In the study of carry-over effects, there has hitherto been a focus of effects of conditions at the wintering grounds , presumably as it has been notoriously difficult to track sufficient samples of individual birds from different breeding populations. Hence, processes during migration have hitherto been seldom considered, despite the fact that processes during migration can have equally large impacts on timing, survival and reproduction (e.g. [4,13–17]). We emphasize that it is pivotal to not only focus on wintering sites, but to also map migration routes and in particular stopover sites. For example, in our case, based on the tracking results we could expect that population dynamics of the western breeding population depends on processes at western and central sub-Saharan wintering sites, and western and central migration routes. By contrast, population dynamics of the eastern breeding population probably depend on processes at the central and eastern wintering sites and migration routes. Thus, environmental change in northeastern Morocco, a region that turned out to be a major stopover site for birds using the western route [52,54], the breeding population in western but not in eastern Europe would be affected. Mapping routes and wintering sites also highlight the practical difficulties of conserving migration systems, as many different sites and countries are involved [58,60]. On the other hand, we can still identify ‘key sites’, such as the stopover area in northeastern Morocco/northern Algeria, which are used by many different individuals and thus imply a large conservation relevance.
Ethical permissions were granted by the Institutional Animal Care and Use Committee of the University of Groningen (licence nos. D4382B, D4748B) and by the Niedersächsisches Landesamt für Verbraucherschutz und Lebensmittelsicherheit, Oldenburg (licence nos. 33-42502-06/1139).
Raw tracking data is available from the Movebank Data Repository (movebank.org) with doi:10.5441/001/1.tb272jcl.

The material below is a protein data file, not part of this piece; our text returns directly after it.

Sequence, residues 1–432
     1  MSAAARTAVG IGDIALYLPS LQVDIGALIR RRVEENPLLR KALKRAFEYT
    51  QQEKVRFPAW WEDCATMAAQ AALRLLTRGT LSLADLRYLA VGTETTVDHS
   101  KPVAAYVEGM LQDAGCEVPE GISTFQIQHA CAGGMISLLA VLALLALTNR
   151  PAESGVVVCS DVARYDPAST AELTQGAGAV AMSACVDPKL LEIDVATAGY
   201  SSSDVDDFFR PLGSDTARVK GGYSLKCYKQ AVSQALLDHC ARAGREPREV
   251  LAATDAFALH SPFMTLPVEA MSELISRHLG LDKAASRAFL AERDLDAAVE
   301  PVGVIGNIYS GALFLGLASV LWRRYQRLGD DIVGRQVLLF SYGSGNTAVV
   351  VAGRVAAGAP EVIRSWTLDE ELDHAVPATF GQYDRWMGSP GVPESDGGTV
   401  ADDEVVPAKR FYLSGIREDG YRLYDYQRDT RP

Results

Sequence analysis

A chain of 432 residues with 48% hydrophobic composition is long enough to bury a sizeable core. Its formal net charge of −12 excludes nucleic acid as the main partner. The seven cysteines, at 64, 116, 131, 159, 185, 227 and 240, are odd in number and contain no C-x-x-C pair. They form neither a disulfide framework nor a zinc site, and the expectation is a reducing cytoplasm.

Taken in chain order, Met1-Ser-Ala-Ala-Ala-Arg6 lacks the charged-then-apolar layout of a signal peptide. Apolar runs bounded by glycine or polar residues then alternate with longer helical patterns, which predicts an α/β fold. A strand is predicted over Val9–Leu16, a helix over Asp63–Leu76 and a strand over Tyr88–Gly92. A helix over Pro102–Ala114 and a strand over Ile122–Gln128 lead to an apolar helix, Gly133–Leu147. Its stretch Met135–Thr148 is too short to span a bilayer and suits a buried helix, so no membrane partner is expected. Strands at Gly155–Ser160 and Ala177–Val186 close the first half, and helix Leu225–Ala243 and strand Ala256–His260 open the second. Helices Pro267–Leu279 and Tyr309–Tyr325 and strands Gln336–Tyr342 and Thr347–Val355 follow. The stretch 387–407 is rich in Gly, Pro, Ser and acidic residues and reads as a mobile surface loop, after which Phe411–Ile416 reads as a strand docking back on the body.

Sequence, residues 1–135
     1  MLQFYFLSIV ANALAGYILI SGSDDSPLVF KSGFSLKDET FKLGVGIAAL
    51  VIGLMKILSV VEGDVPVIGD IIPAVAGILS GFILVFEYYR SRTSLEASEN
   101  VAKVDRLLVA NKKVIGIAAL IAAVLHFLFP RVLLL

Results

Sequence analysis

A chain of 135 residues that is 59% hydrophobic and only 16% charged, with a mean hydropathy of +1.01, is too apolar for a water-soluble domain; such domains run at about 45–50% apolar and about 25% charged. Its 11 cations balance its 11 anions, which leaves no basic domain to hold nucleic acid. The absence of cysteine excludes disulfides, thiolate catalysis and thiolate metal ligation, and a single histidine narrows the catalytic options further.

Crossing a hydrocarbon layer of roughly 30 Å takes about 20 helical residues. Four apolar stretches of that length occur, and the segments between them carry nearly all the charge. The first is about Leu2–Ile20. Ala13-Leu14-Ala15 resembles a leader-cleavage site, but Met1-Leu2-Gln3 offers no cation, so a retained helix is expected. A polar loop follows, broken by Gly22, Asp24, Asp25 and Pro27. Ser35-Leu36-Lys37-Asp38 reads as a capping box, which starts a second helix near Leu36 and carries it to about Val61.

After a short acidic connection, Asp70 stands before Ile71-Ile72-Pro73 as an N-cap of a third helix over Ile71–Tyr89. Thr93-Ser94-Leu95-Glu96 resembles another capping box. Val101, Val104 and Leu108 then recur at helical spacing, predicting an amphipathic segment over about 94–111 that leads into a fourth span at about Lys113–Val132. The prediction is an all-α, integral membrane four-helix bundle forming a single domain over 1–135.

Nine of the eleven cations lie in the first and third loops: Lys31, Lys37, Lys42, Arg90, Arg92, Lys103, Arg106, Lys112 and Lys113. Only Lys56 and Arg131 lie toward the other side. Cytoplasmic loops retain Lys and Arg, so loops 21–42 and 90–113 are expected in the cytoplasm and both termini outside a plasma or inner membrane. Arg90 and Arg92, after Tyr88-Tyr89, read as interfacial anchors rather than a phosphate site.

Financial support was provided by the Dutch Montagu's Harrier Foundation, Dutch Ministry of Agriculture, Nature and Food Quality, Deutsche Bundesstiftung Umwelt (Germany), Province of Groningen, Province of Flevoland, Triodos Foundation, Prince Bernhard Cultural Foundation, Nederlandse Aardolie Maatschappij NAM (The Netherlands), and the Dansk Ornithologisk Forening DOF (Denmark).
We thank local collaborators Jan Ploeger, Erik Schothorst, Erik Visser, Edzard van der Water (all The Netherlands); Rolf and Sabine Baum, Margret Bunzel-Drüke, Klaus-Dieter Gierach, Hubertus Illner, Simone Möller, Jochen Ropers (all Germany), Finn Birkholm-Clausen, Henning Heldbjerg, Lars Maltha Rasmussen, Iben Hove Sørensen, Kasper Thorup (all Denmark); Dominik Krupiński (Poland) and Dmitri Vintchevski (Belarus) for their help in the realization of tracking birds all over Europe. We are grateful to Marion Gschweng for teaching us how to attach transmitters, Beatriz Arroyo, Rob G. Bijlsma and Ruben Limiñana for advice, the staff of Microwave Inc. and CLS ARGOS for assistance, Microwave Inc. for two free transmitters, the Belarussian, Dutch, Danish, German and Polish Ringing Centres for ringing licences, Thomas Alerstam and Roine Strandberg for help with data analyses and interpretation, and Arne Hegemann for statistical help. We thank Will Cresswell for the suggestion to adapt a more critical view on the concept of migratory connectivity and an anonymous reviewer for useful comments. We also thank the volunteers of the Dutch Montagu's Harrier Foundation and all farmers and landowners throughout Europe who made this work possible.
- Received November 5, 2013.
- Accepted December 6, 2013.
- © 2014 The Author(s) Published by the Royal Society. All rights reserved.